Thursday, February 5, 2009

What is Faith? Part 2

Biblical faith is belief, trust, or commitment in God through Jesus the Messiah. Joseph Thayer says,

"To believe" means to think to be true; to be persuaded of; to credit, [to] place confidence in. [And in] a moral and religious reference, pisteuein [from pisteuo] is used in the N.T. of a conviction and trust to which a man is impelled by a certain inner and higher prerogative and law of his soul. (Greek-English Lexicon of the New Testament, 511).

Biblical faith involves an objective element (the existence of God, Jesus' resurrection), and the subjective appropriation, moved by the grace of God, of those truths. (1) For example, in James 2:19, it says that the demons believe that God exists. Objectively speaking, the Holy Spirit works in conjunction with the evidence for the truthfulness of the Christian faith to enable us to understand that God exists. However, from a subjective perspective, we also must place our trust in God, which can only happen with the help of the Holy Spirit (John 16: 12-15).

A good example of this is seen in Acts 17:1-4, “And according to Paul's custom, he went to them, and for three Sabbaths reasoned with them from the Scriptures, explaining and giving evidence that the Christ had to suffer and rise again from the dead, and saying, This Jesus whom I am proclaiming to you is the Christ. And some of them were persuaded and joined Paul and Silas, along with a large number of the God-fearing Greeks and a number of the leading women." In this passage, we see that the Holy Spirit worked through the objective evidence of the Tanakh (the acronym that is formed from the first three parts of the Hebrew Bible: Torah (the first five books of the Bible), Nevi’ im (the Prophets), and K’ tuvim (the Writings) which caused some of Paul's audience to understand that Jesus is the Jewish Messiah. However, the Holy Spirit also caused Paul's audience to place their trust in Jesus as the Jewish Messiah.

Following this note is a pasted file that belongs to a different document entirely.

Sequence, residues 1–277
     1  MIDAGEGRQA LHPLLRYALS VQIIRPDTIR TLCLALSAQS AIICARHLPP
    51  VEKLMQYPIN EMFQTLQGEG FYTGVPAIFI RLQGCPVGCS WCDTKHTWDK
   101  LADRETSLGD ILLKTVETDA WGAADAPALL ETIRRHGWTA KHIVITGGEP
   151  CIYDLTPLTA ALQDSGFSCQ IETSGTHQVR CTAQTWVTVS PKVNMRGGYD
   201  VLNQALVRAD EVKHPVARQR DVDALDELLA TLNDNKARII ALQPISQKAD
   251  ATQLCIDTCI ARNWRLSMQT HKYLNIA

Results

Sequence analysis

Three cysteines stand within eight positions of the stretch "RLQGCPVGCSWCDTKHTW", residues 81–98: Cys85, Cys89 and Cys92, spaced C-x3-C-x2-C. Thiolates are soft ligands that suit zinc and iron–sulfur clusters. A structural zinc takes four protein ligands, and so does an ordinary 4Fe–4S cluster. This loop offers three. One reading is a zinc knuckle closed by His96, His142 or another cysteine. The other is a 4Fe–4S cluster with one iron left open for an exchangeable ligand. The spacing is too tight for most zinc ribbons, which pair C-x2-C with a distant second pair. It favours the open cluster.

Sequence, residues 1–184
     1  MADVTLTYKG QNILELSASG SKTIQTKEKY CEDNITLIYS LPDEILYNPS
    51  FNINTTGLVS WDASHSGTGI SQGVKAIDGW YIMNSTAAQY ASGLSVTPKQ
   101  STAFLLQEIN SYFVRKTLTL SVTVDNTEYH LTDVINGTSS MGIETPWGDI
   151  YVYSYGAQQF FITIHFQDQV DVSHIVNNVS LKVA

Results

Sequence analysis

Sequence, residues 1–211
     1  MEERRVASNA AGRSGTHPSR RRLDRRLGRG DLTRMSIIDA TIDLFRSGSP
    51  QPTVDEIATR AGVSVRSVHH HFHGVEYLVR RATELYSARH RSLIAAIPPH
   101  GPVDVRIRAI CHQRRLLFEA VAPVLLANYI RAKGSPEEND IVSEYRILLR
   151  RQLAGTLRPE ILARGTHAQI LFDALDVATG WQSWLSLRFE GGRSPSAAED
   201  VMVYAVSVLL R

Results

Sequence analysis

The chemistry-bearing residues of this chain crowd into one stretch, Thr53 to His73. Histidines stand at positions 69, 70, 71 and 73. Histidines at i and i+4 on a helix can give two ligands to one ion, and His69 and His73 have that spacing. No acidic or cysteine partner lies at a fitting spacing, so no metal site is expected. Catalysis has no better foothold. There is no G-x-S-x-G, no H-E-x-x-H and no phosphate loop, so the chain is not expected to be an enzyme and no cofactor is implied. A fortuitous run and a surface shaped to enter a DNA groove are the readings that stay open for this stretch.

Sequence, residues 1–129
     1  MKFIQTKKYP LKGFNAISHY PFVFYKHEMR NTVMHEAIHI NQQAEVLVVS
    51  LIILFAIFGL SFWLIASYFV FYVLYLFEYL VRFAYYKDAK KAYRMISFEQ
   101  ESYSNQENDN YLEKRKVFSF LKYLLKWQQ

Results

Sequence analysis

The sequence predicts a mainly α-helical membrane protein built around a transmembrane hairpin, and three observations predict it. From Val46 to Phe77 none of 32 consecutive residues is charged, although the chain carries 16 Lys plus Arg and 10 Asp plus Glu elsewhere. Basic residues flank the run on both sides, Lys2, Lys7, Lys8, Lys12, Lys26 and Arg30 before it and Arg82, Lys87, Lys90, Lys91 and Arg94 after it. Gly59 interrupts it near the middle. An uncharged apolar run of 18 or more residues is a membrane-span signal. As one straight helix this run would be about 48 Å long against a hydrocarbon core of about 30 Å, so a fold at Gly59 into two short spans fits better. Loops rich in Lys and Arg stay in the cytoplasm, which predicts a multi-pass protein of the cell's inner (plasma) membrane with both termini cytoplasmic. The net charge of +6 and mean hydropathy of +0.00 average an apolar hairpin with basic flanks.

Biblical faith also involves a commitment of the whole person. In the Tanakh, the Hebrew word for heart is "leb," or "lebad." While the word "heart" is used as a metaphor to describe the physical organ, it is also the center or defining element of the entire person. It can be seen as the seat of the person's intellectual, emotional, affective, and volitional life. In the New Testament, the word “heart” (Gr.kardia) came to stand for man’s entire mental and moral activity, both the rational and the emotional elements.(2)

1. Clark, K.J., Lints, R., and James K.A. Smith. 101 Key Terms In Philosophy And Their Importance For Theology. Louisville, KY: Westminster John Knox Press, 2004, 26.
2. W.E. Vine, Unger, Merrill F. and William White Jr. Vine’s Complete Expository Dictionary Of Old And New Testament Words. Nashville: TN: Thomas Nelson Publishers, 1985, 297.

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